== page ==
What can I do in Jasper Alberta?
Here is a short list of Jasper favorites. Albertans and travellers alike will find information on popular attractions, activities and events located on the following websites:
Restaurants of Jasper
Ski in Jasper Alberta
Wildlife in Jasper
Jasper Alberta Shopping
Jasper in January
Jasper Alberta's Historic ViewJasper's Alpine Terrain
Athabasca Pass History
Jasper Alberta's Historic Treasures
Jasper Park's Information Centre
Alberta Alpine Life Zones
Jasper Alberta's Montane
Mountain Ecosystems in Jasper
National Park History
Jasper Alberta's Subalpine
Yellowhead Pass History
Alberta's Jasper House History
Jasper Alberta Mountain Ecosystems
Jasper Alberta Index
Climate, geology, soil, plants, animals and humans all interact in one large complex web of life in Jasper, Alberta. Jasper is especially fragile, where existence depends on the intricate relationships between flora and fauna, weather and landscape. Jasper's conceptual relationships, called ecosystems, can become chaos by the slightest changes, affecting even the largest of animals, including Jasper's famous grizzly bear.
Jasper Alberta's National Park is located on the eastern slopes of the Rocky Mountains of west-central Alberta, east of the continental divide. Jasper's location strongly influences climate, geology, plants and animals, with a great affect on human history. The Albertan Mountain landscape was formed by geological events over millions of years, resulting in rugged topography with a large range in altitude (from 985 metres in Jasper's Athabasca Valley to nearly 3800 metres at Mt. Columbia).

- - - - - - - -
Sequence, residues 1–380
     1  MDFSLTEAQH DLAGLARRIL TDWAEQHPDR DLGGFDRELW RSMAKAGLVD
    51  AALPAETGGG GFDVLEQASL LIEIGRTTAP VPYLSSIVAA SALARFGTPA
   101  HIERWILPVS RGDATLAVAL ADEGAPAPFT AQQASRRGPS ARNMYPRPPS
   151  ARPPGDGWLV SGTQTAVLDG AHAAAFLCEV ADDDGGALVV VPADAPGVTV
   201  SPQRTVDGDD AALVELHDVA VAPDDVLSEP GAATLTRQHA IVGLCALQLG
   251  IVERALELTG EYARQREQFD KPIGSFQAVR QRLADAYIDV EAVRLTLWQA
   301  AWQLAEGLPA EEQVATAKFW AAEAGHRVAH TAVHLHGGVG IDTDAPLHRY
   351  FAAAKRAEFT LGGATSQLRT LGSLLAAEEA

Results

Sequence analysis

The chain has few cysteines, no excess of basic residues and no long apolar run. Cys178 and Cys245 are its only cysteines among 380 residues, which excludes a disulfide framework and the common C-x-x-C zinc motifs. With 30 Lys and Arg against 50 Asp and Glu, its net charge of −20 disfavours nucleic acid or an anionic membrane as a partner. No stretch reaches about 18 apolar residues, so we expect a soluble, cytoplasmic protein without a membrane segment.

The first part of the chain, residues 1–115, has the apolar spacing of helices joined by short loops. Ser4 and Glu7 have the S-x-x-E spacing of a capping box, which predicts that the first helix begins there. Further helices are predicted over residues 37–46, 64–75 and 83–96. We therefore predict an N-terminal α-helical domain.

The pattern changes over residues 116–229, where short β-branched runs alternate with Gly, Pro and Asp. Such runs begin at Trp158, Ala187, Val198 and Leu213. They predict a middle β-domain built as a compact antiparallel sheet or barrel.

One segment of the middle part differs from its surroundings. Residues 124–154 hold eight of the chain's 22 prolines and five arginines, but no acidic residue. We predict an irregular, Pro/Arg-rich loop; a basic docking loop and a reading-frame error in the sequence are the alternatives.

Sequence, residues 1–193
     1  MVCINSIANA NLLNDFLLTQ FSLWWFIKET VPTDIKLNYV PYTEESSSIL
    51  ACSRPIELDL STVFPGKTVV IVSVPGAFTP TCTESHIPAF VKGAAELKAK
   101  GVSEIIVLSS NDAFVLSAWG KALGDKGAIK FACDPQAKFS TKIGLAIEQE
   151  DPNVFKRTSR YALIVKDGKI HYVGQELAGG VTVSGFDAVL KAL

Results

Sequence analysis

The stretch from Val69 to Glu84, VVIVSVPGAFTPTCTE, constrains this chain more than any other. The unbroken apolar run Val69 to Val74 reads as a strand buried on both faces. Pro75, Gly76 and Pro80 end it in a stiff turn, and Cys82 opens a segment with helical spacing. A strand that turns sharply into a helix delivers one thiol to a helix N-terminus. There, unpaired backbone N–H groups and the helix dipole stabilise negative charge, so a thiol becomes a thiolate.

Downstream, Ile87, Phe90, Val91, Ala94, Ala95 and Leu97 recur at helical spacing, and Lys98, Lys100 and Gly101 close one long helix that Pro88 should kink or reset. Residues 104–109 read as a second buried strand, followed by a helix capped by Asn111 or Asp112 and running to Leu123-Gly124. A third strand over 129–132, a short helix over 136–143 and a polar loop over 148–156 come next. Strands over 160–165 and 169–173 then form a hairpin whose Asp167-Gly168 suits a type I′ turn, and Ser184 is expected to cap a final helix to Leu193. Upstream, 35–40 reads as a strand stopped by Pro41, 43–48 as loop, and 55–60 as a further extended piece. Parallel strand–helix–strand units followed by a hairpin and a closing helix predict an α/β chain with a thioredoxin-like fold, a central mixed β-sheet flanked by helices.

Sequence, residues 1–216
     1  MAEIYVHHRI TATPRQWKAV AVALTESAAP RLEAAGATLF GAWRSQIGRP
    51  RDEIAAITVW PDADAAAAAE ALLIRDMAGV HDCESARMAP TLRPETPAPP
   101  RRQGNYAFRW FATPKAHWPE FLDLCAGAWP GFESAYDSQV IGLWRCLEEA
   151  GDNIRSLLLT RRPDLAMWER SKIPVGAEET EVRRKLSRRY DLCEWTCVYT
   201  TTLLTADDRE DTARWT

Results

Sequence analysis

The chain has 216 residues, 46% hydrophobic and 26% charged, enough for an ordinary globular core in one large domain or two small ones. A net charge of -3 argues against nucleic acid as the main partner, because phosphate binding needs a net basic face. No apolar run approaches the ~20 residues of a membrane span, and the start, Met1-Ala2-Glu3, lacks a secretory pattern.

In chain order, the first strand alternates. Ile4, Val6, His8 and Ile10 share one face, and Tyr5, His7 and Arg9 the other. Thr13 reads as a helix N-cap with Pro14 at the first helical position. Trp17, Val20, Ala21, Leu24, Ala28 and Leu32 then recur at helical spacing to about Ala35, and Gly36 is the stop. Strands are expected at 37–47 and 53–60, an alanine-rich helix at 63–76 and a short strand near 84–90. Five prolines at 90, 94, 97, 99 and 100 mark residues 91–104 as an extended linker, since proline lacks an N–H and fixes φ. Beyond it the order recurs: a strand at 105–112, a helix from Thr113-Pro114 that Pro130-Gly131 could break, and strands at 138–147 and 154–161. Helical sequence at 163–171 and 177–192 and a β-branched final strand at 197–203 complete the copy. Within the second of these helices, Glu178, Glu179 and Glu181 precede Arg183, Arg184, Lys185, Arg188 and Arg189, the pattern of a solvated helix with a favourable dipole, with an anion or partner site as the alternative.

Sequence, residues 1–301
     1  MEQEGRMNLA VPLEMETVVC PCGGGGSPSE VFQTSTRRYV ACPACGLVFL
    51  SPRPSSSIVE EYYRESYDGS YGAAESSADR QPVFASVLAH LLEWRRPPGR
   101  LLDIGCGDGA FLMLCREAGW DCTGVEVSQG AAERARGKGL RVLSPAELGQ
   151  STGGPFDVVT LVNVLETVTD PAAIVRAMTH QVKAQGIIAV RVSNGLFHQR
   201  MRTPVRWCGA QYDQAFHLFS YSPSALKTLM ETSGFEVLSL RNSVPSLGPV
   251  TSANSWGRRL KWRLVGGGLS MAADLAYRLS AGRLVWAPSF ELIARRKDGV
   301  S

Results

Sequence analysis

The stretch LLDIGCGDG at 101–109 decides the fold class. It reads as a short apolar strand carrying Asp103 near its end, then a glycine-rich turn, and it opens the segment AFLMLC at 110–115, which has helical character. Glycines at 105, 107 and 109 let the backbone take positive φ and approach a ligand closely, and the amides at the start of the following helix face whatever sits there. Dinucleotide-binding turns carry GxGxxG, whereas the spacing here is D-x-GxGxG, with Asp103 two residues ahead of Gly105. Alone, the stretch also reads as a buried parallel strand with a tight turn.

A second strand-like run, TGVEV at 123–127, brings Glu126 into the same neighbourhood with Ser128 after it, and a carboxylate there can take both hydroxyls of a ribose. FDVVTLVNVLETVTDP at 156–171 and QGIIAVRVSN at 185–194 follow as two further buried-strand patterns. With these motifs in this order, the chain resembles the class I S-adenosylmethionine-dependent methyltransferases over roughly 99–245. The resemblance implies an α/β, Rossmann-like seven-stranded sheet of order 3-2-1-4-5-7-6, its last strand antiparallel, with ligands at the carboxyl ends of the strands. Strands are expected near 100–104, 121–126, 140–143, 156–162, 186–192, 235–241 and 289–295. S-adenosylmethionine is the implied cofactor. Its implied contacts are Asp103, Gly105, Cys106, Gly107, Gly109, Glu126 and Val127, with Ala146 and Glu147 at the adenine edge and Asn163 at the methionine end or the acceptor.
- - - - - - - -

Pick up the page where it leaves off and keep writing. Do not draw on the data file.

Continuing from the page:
These mountainous altitude differences influence the climate, with higher altitudes being colder and generally wetter, while lower Jasper altitudes are warmer and drier. Jasper Alberta's National Park location also affects the climate. The eastern slopes of the Alberta Rocky Mountains are drier than the western slopes in adjacent British Columbia due to a rain shadow effect. This occurs when storms moving eastward from the Pacific Ocean drop much of their moisture on the western slopes as the clouds are forced higher by the mountains. Jasper's eastern slopes are also more frequently subjected to Arctic air plunging southward, especially in the winter. As a result of these two weather influences, Jasper is generally colder and drier than areas to the west.
Climatic differences at different altitudes in Jasper produce different environments which are inhabited by various combinations of plants, animals, and other forms of life. These are recognized as three different life zones - montane, subalpine, alpine.
Ecologically, Jasper's plants and animals are not independent of their environment or of each other. Climate, geology, soil, plants, animals, and so on are all influenced by one another in a complex web of interactions called an ecosystem. Reading further will describe each of these ecosystems in greater detail, building up to Jasper's Human history.
Jasper Alberta's History
Those wanting to learn more about Jasper Alberta came to the right place! Here you will find historical facts and accounts from Jasper's locals and archives on how Alberta's beautiful little mountain town became to be. Additional Jasper National Park history can be found within as well.
Historical Timeline of Jasper Alberta
Alberta's Natural Wonder
Jasper National Park, Alberta Facts and Climate
Jasper Alberta History